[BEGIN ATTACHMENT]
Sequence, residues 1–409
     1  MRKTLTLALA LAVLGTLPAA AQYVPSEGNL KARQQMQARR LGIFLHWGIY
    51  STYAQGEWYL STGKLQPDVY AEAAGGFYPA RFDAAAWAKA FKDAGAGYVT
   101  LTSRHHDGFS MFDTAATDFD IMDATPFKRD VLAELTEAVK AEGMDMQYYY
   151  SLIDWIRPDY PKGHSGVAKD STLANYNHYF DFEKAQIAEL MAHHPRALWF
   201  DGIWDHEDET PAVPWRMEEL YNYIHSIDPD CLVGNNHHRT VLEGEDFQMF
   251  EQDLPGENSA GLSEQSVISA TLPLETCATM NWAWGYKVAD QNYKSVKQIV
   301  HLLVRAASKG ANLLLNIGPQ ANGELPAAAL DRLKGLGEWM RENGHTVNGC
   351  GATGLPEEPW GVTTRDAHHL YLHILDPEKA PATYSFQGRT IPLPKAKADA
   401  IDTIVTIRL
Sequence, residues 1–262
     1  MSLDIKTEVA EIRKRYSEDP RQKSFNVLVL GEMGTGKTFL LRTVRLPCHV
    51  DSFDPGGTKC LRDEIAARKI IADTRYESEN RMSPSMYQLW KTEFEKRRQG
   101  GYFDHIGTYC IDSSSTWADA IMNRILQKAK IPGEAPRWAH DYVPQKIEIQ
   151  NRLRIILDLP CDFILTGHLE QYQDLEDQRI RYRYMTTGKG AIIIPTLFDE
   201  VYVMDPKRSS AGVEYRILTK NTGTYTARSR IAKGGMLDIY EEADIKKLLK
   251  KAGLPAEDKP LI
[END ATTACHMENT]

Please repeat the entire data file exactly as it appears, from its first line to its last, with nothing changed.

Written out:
Sequence, residues 1–409
     1  MRKTLTLALA LAVLGTLPAA AQYVPSEGNL KARQQMQARR LGIFLHWGIY
    51  STYAQGEWYL STGKLQPDVY AEAAGGFYPA RFDAAAWAKA FKDAGAGYVT
   101  LTSRHHDGFS MFDTAATDFD IMDATPFKRD VLAELTEAVK AEGMDMQYYY
   151  SLIDWIRPDY PKGHSGVAKD STLANYNHYF DFEKAQIAEL MAHHPRALWF
   201  DGIWDHEDET PAVPWRMEEL YNYIHSIDPD CLVGNNHHRT VLEGEDFQMF
   251  EQDLPGENSA GLSEQSVISA TLPLETCATM NWAWGYKVAD QNYKSVKQIV
   301  HLLVRAASKG ANLLLNIGPQ ANGELPAAAL DRLKGLGEWM RENGHTVNGC
   351  GATGLPEEPW GVTTRDAHHL YLHILDPEKA PATYSFQGRT IPLPKAKADA
   401  IDTIVTIRL
Sequence, residues 1–262
     1  MSLDIKTEVA EIRKRYSEDP RQKSFNVLVL GEMGTGKTFL LRTVRLPCHV
    51  DSFDPGGTKC LRDEIAARKI IADTRYESEN RMSPSMYQLW KTEFEKRRQG
   101  GYFDHIGTYC IDSSSTWADA IMNRILQKAK IPGEAPRWAH DYVPQKIEIQ
   151  NRLRIILDLP CDFILTGHLE QYQDLEDQRI RYRYMTTGKG AIIIPTLFDE
   201  VYVMDPKRSS AGVEYRILTK NTGTYTARSR IAKGGMLDIY EEADIKKLLK
   251  KAGLPAEDKP LI